From the above model, we can see that an inductor and ferrite will provide capacitive impedance at sufficiently high frequencies, and this needs to be accounted for at high frequencies if the components are to be used in filters. In a voltage regulator that is intended to supply power to low frequency loads, or possibly to DC loads, the capacitive behavior essentially doesn’t matter; the relevant frequencies will be low enough that the component appears inductive and will prevent noise from reaching the load. Coupled with a shunt capacitor, and the current reaching the load will be decidedly DC.

In the case of a digital system, ferrites and inductors are undesirable except in cases of isolating two rails on the same component. Even in this case, the design should be tested as I have seen mixed results regarding the use of ferrites to isolate PLL rails from core voltage rails. In my experience, designs involving large high-speed digital ICs can still work fine without any ferrites as long as the PCB stackup is constructed correctly, meaning there is sufficient capacitance throughout the entire signal bandwidth (reaching well into GHz frequencies).

Regardless of the use of ferrite beads and inductors in filters, they are still necessary in power conversion and should be selected appropriately. The following specifications are critical:

  • Current limit
  • Saturation current
  • Temperature limits
  • Winding capacitance
  • Leakage inductance

The 1st and 2nd points are quite important but they are not necessarily the same thing. The saturation current defines the current at which a ferrite bead or the ferrite core in an inductor will saturate and exhibit a nonlinear response, followed by hysteresis as the core demagnetizes.


When measuring the current on a single switching node, one will find that magnetic components exhibit ringing, or an underdamped oscillation. This is particularly noticeable if the system happens to enter the discontinuous conduction mode, where the current will fall to zero and exhibit a strong transient response. This occurs because current-controlled switching action is driving the transient response in an equivalent RLC circuit. To eliminate this problem, some small amount of resistance is needed to dampen the transient response and, ideally, place it into the critically damped regime.


magnetics components ringing

SPICE results showing how damping can be added with small amounts of series resistance. With just a few Ohms, the overshoot starts to greatly decrease and eventually falls within spec.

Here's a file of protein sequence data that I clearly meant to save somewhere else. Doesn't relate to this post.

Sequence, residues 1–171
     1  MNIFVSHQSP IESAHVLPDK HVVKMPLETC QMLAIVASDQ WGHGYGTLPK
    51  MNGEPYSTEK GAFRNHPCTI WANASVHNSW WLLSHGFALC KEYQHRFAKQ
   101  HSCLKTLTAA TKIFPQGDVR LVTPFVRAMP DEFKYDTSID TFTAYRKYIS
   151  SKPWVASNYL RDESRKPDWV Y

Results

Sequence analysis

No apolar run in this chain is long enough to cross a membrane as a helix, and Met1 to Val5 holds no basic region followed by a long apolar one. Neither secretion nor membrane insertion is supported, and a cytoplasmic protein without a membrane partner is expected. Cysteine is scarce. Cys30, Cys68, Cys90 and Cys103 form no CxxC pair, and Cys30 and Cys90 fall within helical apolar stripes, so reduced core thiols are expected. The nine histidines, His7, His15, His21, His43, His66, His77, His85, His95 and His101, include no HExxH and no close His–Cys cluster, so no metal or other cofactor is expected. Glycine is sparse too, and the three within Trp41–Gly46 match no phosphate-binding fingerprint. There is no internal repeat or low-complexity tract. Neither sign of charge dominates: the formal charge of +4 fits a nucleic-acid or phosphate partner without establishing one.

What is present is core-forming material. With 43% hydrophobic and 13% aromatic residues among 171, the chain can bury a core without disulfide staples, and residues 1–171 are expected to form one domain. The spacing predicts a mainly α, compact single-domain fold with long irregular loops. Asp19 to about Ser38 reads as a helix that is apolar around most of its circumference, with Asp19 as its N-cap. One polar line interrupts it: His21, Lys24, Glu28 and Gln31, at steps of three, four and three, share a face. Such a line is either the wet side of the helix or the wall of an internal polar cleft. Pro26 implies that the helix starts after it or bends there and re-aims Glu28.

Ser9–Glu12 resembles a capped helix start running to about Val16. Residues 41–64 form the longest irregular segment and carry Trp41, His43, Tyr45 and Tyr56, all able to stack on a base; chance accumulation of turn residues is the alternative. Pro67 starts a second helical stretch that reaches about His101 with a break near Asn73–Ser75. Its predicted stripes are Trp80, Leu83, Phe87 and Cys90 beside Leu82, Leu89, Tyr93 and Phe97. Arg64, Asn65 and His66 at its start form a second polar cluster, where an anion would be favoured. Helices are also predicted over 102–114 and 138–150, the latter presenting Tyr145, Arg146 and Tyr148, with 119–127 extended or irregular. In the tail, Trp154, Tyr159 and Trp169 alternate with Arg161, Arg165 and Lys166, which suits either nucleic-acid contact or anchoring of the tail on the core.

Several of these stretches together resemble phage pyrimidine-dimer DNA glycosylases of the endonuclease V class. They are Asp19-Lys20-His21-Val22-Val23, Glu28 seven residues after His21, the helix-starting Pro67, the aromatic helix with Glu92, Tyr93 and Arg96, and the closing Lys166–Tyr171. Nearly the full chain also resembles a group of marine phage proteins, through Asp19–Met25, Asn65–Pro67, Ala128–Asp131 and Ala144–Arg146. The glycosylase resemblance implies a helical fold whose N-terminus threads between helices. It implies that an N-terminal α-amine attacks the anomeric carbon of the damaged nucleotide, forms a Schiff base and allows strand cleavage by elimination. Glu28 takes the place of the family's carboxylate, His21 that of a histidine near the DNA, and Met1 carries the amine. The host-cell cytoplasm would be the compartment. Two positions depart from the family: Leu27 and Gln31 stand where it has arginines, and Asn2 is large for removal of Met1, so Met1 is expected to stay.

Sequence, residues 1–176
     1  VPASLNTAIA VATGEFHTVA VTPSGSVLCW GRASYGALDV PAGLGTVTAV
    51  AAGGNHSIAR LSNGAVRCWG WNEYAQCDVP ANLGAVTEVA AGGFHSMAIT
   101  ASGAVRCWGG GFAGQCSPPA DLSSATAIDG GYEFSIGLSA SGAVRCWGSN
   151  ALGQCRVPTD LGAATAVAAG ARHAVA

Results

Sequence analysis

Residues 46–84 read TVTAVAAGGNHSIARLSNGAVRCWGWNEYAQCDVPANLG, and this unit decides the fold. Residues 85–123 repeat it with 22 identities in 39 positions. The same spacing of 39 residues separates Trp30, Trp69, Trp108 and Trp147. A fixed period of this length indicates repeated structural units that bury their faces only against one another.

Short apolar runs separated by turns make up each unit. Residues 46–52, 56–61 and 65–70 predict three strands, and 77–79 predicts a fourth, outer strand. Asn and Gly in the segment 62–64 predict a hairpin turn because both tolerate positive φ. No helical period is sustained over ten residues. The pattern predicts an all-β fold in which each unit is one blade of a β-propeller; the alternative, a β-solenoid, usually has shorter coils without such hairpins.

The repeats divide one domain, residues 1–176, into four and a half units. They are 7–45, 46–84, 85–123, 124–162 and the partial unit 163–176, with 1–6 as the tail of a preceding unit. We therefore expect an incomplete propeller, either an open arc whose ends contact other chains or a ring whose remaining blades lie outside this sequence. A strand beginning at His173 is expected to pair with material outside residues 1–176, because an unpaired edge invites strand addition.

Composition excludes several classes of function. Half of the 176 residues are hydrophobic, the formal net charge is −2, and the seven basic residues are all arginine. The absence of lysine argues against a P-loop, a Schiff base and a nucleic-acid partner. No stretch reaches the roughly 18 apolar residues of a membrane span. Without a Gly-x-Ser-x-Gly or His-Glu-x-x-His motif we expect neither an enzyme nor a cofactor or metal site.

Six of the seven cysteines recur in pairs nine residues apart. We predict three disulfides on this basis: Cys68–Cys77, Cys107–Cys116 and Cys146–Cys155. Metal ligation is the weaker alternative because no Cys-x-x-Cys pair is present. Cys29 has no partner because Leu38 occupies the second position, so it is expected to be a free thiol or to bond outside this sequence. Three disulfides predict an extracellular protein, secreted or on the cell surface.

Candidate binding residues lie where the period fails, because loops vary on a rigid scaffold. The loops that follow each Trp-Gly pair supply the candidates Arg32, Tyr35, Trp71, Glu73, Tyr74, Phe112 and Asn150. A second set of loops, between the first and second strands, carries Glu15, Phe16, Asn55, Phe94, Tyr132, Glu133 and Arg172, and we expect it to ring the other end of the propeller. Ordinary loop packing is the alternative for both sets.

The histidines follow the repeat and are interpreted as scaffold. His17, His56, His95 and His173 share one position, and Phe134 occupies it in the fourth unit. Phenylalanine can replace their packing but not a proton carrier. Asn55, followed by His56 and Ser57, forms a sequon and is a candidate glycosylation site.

I’ve only focused on magnetics in the previous paragraph, but the same ideas regarding transient response apply to capacitors. All capacitors behave like RLC circuits thanks to their equivalent series inductance (ESL) and equivalent series resistance (ESR). In the case where there is a large voltage-controlled switching action and transient response, there will be a large current fluctuation measured at the node connecting to the capacitor. Some damping is also needed here, sometimes being as small as a few Ohms. Controlled ESR capacitors are also useful here as they have higher-than-normal ESR values and have a reliable specification.


The component choices shown above address multiple noise sources that may be present in EMC design challenges as they relate to magnetics components. The important takeaway from the above guide is to choose transformers and inductors with the appropriate coil inductance values, either by considering coil turns, physical form factor or size, or core ferrite material. Parasitics and topology also play a role in selection of inductors and transformers, as well as the physical layout on a PCB.

Even if noise is relatively severe, proper PCB layout can provide some suppression against noise and will help ensure a system operates as intended. We’ll show more on this in an upcoming article.


Whether you're designing high-speed PCBs for mil-aero embedded systems or a complex RF product, you should work with a design and development firm that can ensure your product will be reliable and manufacturable at scale. NWES helps aerospace OEMs, defense primes, and private companies in multiple industries design modern PCBs and create cutting-edge embedded technology, including power systems for high reliability applications and precision control systems. We've also partnered directly with EDA companies and advanced ITAR-compliant PCB manufacturers, and we'll make sure your next high speed digital system is fully manufacturable at scale. Contact NWES for a consultation.